Scientific Opinion on the Pest Risk Analysis on Phytophthora ramorum prepared by the FP6 project RAPRA

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Acknowledgements

The Panel wishes to thank the members of the Working Group on Phytophthora ramorum for the preparation of this opinion: Matteo Garbelotto, Michael John Jeger, Charles Manceau, Marco Pautasso, Trond Rafoss, Jan Schans and the hearing expert: Clive Brasier and EFSA staff: Virág Kertész and Sybren Vos for the support provided to this scientific opinion.

Panel on Plant Health
EFSA Journal
EFSA Journal 2011;9(6):2186 [108 pp.].
doi
10.2903/j.efsa.2011.2186
Possible conflict of interest
One member of the Panel did not participate in the discussion on the subject referred to above because of potential conflicts of interest identified in accordance with the EFSA policy on declarations of interests.
Panel members at the time of adoption
Richard Baker, Thierry Candresse, Erzsébet Dormannsné Simon, Gianni Gilioli, Jean-Claude Grégoire, Michael John Jeger, Olia Evtimova Karadjova, Gábor Lövei, David Makowski, Charles Manceau, Maria Navajas, Angelo Porta Puglia, Trond Rafoss, Vittorio Rossi, Jan Schans, Gritta Schrader, Gregor Urek, Johan Coert van Lenteren, Irene Vloutoglou, Stephan Winter and Marina Zlotina.
Contact
Type
Opinion of the Scientific Committee/Scientific Panel
On request from
European Commission
Question Number
EFSA-Q-2010-00841
Adopted
18 May 2011
Published
28 June 2011
Last Updated
19 October 2011. This version replaces the previous one/s.
Affiliation
European Food Safety Authority (EFSA), Parma, Italy
Note
Abstract

The Panel on Plant Health was asked to deliver a scientific opinion on the Pest Risk Analysis on Phytophthora ramorum prepared by the FP6 project RAPRA, taking into account comments by Member States and additional information since RAPRA. P. ramorum is the oomycete causing sudden oak death in the USA and leaf and twig blight/dieback on a range of ornamental species in North America and Europe. Currently P. ramorum is not listed as a harmful organism in Council Directive 2000/29/EC, but the Commission adopted in 2002 provisional emergency measures to prevent introduction into and spread within the EU. Recent large-scale outbreaks in Japanese larch (Larix kaempferi) plantations in the UK and Ireland have worsened the potential consequences in the risk assessment area. However, the Panel concludes that the broad narrative in the RAPRA report stands and supports its conclusion that “There is a risk of further entry (of known or new lineages and/or mating types), establishment and […] impact”. It is advisable to avoid introductions of different lineages because of inherent phenotypic differences and the potential for sexual recombination. The Panel supports the management options proposed in the RAPRA report and adds further measures for consideration. Uncertainty remains over the extent to which the association between control measures and gradual reduction in the number of cases in nurseries is causal. The emergency measures have not prevented outbreaks occurring in the natural environment. The many other remaining uncertainties (fitness of progeny, hybridisation with other Phytophthora species, host range and epidemiological role of new hosts, early detection of new outbreaks, understanding of long-range dispersal, structure of plant trade networks, origin of the pathogen) call for further research on P. ramorum across Europe. Regulatory work should keep updated with research results on P. ramorum and further development of the Japanese larch outbreaks.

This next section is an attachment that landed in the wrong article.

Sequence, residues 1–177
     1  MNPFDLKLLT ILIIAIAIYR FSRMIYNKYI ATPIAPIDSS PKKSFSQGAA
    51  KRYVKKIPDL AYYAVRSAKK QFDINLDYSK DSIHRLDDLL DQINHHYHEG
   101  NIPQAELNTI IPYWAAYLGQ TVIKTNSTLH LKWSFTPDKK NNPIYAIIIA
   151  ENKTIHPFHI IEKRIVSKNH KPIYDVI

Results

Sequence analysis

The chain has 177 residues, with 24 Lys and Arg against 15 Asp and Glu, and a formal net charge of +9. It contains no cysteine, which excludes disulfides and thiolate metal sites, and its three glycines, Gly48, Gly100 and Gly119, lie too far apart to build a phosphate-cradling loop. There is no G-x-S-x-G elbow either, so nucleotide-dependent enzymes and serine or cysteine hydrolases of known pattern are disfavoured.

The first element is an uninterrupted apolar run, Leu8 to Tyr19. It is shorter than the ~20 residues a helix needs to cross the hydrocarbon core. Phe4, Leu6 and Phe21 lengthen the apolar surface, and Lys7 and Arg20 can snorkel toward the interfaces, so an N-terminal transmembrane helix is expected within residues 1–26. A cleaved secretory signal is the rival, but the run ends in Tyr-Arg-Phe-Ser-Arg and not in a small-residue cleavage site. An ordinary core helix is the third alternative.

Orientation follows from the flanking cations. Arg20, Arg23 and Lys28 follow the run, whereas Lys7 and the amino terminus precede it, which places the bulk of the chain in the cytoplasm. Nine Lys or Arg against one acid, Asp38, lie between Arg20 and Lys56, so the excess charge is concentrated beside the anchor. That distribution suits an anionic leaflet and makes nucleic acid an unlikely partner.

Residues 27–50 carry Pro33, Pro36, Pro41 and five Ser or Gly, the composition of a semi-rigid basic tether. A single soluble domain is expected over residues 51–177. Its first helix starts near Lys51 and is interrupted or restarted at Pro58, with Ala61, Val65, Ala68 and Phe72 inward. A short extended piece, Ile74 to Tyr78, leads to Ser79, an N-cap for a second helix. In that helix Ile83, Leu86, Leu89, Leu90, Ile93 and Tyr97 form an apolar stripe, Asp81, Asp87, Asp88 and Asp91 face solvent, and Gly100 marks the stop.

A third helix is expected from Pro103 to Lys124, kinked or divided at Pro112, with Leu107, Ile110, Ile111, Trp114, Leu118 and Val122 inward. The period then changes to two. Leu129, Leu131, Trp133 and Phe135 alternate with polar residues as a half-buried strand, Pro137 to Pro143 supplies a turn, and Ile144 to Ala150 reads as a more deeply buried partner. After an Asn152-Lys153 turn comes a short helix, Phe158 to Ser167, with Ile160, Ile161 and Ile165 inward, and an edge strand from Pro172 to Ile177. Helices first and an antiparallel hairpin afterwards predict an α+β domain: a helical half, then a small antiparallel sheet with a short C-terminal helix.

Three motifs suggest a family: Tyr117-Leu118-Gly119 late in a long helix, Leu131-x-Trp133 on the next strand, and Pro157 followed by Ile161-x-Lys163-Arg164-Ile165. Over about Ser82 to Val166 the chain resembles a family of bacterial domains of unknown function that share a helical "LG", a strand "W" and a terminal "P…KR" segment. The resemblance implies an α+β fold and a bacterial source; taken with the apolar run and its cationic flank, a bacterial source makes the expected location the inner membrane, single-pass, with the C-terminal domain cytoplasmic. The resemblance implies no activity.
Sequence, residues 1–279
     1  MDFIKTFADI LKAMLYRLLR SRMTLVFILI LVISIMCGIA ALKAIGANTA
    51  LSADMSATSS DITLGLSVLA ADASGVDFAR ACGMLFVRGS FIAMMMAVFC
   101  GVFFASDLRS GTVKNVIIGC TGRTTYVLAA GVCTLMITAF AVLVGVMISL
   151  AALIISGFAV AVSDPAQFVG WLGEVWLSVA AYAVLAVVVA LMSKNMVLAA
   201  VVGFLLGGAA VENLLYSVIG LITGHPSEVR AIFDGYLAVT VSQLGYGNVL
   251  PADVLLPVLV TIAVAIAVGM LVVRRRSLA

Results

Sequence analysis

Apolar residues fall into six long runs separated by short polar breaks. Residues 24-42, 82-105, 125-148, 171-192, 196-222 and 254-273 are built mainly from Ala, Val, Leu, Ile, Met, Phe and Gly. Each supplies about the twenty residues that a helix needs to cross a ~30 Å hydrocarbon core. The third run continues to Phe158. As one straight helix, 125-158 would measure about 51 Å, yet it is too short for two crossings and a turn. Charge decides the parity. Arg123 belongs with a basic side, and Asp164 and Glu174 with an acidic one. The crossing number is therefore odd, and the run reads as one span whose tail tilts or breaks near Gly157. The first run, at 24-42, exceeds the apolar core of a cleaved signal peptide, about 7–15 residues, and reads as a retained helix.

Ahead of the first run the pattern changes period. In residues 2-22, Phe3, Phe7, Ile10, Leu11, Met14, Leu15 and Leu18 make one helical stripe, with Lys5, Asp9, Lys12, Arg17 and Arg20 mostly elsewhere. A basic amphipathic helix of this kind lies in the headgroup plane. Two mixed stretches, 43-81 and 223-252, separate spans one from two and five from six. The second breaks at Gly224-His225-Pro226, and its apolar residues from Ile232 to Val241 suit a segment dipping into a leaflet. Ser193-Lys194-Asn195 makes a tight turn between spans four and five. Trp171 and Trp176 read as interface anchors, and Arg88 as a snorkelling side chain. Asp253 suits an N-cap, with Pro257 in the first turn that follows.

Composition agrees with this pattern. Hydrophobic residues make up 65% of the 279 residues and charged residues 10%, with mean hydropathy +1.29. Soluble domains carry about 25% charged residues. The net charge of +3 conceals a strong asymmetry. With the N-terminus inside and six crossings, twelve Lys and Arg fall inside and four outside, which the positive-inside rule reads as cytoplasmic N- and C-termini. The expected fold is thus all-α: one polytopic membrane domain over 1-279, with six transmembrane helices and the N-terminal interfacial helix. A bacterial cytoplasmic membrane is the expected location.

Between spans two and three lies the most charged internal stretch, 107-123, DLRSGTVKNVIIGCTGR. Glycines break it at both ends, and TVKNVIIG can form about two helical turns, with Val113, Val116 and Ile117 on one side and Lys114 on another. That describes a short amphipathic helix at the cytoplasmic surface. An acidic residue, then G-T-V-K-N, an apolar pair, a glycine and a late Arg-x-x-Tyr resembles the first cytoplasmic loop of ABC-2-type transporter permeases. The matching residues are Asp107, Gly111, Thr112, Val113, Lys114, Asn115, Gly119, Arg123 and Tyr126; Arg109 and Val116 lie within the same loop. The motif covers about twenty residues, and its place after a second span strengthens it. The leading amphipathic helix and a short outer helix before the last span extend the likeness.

Keywords
Larix kaempferi, management options, Phytophthora ramorum, ramorum blight, RAPRA, risk assessment, sudden oak death
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Number of Pages
108